"The President and the entire administration take domestic violence very seriously and believe all allegations need to be investigated thoroughly," Sanders said. "Above all, the President supports victims of domestic violence and believes everyone should be treated fairly and with due process.
More on the briefing, via the Washington Post. More on Kelly's newfound isolation in the West Wing, via Politico. Also, in this morning's Washington Post: an op-ed from Porter's first ex-wife, Colbie Holderness.
The Obamas: The National Portrait Gallery unveiled its depictions of former President Barack Obama and former First Lady Michelle Obama on Monday. The former first couple chose a pair of African-American artists to paint their portraits, a first for the collection of presidential portraits. Take a look, via the National Portrait Gallery.
DOJ exit: Why did Associate Attorney General Rachel Brand announce plans to suddenly step down and become an executive at Walmart, just months into her job? "Brand grew frustrated by vacancies at the [Justice] Department and feared she would be asked to oversee the Russia investigation," NBC News reports. If Trump fired Deputy Attorney General Rod Rosenstein, as he has mused about, Brand would have taken over the Russia probe, as the DOJ's No. 3 official. More on the "revolving door" at the Trump Administration, as vacancies abound, via the New York Times.
First Family: Vanessa Trump, Donald Trump Jr.'s wife, was taken to the hospital as a precaution on Monday after opening a suspicious letter containing white powder sent to her husband. "Truly disgusting that certain individuals choose to express their opposing views with such disturbing behavior," Trump Jr. tweeted The Secret Service is investigating the incident.
The President's Schedule
At 11:30am, President Trump hosts a meeting with members of Congress on trade.
At 3pm, Trump hosts a roundtable with the National Sheriffs' Association.
At 4:45pm, he and the First Lady host a National African American History Month reception.
Also today: Sarah Sanders will hold the daily White House press briefing at 2pm.
Vice President's Schedule
At 8:55am, Vice President Mike Pence delivers remarks at the National Museum of African American History and Culture.
At 9:15am, the Vice President tours the National Museum of African American History and Culture.
At 12:45pm, the Vice President participates in the weekly Senate Republican caucus launch at the U.S. Capitol.
Today in the Senate
The Senate convenes today at 10am. Following Leader remarks, the chamber will continue its open-ended immigration debate. The Senate will recess from 12:30pm to 2:15pm for the weekly caucus meetings.
Also today: at9:30am, the Senate Intelligence Committee holds its annual "Worldwide Threats" hearing, with testimony from the heads of the CIA, NSA, and FBI, as well as the Director of National Intelligence and others.
At10am, White House budget director Mick Mulvaney will testify before the Senate Budget Committee on the President's Fiscal Year 2019 budget request, which was released on Monday. The $4.4 trillion blueprint would add $7 trillion to the deficit over the next 10 years; it is unlikely to make much of an impact on Capitol Hill, since Congress has already passed a two-year budget framework.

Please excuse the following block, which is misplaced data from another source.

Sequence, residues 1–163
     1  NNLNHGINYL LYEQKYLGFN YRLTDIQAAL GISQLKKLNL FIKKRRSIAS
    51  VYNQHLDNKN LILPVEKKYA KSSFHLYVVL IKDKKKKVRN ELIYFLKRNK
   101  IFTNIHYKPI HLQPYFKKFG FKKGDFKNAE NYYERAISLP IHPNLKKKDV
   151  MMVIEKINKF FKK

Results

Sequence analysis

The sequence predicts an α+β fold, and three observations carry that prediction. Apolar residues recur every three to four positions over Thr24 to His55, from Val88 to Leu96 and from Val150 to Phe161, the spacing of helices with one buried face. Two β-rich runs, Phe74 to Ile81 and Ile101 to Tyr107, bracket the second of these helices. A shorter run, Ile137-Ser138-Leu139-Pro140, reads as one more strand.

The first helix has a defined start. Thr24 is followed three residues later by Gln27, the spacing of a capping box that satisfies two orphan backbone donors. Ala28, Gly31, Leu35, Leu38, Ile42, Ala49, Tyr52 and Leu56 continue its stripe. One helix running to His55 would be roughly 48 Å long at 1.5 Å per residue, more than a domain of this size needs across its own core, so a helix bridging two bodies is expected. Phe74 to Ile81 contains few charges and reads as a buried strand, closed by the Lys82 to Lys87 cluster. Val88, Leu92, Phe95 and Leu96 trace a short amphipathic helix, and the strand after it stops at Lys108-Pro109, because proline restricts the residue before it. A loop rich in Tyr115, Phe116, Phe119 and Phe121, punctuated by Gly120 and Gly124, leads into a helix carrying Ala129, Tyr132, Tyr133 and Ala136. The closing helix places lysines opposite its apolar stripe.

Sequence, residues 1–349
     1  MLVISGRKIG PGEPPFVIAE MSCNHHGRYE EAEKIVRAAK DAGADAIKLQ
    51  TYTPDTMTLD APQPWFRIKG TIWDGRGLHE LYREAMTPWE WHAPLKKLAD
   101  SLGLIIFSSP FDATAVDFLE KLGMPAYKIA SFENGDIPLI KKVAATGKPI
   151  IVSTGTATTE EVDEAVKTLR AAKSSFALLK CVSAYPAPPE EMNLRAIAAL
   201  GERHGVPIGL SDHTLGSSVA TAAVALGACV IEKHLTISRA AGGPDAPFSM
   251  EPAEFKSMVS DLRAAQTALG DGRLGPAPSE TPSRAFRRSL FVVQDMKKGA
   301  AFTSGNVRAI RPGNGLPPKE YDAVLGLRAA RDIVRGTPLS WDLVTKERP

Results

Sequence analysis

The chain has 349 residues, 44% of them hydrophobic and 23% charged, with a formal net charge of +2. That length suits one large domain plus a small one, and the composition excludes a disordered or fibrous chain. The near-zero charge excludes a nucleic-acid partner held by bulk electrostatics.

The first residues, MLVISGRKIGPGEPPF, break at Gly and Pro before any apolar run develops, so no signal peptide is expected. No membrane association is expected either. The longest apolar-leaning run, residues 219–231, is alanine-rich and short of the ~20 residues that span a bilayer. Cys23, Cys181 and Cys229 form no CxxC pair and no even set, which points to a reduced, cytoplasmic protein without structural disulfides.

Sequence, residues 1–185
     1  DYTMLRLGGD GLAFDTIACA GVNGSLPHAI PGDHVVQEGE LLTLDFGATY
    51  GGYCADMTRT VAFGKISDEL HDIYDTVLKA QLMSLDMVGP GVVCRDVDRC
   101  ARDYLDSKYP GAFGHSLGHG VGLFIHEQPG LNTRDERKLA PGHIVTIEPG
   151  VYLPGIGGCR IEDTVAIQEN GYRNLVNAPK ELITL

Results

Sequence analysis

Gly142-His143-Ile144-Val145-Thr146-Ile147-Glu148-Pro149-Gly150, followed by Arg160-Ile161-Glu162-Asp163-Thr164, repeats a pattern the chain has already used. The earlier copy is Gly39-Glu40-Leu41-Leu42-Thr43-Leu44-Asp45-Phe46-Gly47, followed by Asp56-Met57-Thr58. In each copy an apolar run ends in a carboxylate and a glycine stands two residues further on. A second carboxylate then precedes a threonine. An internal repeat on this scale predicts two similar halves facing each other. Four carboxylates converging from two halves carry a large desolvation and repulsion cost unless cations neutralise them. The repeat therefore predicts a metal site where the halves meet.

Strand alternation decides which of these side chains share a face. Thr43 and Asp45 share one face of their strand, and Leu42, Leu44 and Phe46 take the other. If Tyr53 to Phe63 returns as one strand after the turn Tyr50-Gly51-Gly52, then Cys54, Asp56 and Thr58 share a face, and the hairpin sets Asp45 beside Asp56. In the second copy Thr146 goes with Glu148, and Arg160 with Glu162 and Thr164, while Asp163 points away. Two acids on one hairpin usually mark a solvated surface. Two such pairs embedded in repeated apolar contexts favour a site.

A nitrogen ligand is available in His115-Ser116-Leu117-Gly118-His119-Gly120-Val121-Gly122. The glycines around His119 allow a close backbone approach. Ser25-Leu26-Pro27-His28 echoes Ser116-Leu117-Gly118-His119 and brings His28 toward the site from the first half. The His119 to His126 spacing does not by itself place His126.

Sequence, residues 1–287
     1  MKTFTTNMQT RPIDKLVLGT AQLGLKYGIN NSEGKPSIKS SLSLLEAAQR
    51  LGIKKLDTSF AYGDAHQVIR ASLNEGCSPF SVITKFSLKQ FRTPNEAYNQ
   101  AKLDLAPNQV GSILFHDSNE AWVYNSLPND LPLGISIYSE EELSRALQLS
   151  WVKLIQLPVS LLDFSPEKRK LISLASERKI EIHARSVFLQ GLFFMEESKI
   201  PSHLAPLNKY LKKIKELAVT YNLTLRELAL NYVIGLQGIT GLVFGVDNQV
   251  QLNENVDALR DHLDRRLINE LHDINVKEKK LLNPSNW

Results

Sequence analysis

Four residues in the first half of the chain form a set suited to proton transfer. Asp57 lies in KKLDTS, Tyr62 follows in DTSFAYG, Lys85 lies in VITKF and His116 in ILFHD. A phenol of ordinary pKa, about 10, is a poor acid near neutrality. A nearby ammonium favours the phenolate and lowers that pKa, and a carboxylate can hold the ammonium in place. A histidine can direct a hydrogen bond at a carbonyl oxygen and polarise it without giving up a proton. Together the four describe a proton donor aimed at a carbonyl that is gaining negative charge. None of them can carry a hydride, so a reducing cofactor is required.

--- The New York Times sums up the most important changes in the budget request here, including cuts to the Education Department, EPA, and other domestic programs; funding for special counsel Robert Mueller; targeting Planned Parenthood and Obamacare; reshaping food stamps; and funding border security.
Today in the House
The House meets at 12pm today. The chamber is scheduled to consider nine pieces of legislation:
- A bill to designate the Veterans Affairs Department health care system in Lexington, Kentucky as the "Lexington VA Health Care System";
- the Hamas Human Shields Prevention Act, "to impose sanctions against Hamas for gross violations of internationally recognized human rights by reason of the use of civilians as human shields";
- a resolution "calling on the Department of Defense, other elements of the Federal Government, and foreign governments to intensify efforts to investigate, recover, and identify all missing and unaccounted-for personnel of the United States";
- the Low-Dose Radiation Research Act, "to amend the Energy Policy Act of 2005 to provide for a low-dose radiation basic research program";
- the Accelerating American Leadership in Science Act, "to direct the Secretary of Energy to carry out certain upgrades to research equipment and construct research user facilities";
- the Nuclear Energy Research Infrastructure Act, "to direct the Secretary of Energy to carry out the construction of a versatile reactor-based fast neutron source";
- the Department of Energy Research Infrastructure Act, "to direct the Secretary of Energy to carry out certain upgrades to research equipment and the construction of a research user facility";
- the Building Blocks of STEM Act, "to direct the National Science Foundation to support STEM education research focused on early childhood";
- and a bill "to extend the Generalized System of Preferences and to make technical changes to the competitive need limitations provision of the program."